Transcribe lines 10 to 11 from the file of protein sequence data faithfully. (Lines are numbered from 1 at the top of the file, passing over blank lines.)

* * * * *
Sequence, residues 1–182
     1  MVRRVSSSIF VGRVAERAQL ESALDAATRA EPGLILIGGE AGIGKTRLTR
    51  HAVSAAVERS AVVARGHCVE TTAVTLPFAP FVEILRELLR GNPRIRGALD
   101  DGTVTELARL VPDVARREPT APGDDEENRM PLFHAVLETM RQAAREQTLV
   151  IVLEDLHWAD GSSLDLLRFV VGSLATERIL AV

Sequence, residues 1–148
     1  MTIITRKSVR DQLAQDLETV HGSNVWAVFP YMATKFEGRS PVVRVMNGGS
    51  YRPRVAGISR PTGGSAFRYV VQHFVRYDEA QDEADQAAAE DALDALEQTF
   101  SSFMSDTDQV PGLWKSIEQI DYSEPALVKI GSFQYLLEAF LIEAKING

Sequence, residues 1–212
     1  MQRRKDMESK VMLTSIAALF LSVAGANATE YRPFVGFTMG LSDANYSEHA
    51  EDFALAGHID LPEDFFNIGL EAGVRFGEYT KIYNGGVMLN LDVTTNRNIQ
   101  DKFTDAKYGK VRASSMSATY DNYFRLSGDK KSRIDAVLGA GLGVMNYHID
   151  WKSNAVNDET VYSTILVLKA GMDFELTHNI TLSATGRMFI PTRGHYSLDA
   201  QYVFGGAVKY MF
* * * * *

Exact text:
Sequence, residues 1–212
     1  MQRRKDMESK VMLTSIAALF LSVAGANATE YRPFVGFTMG LSDANYSEHA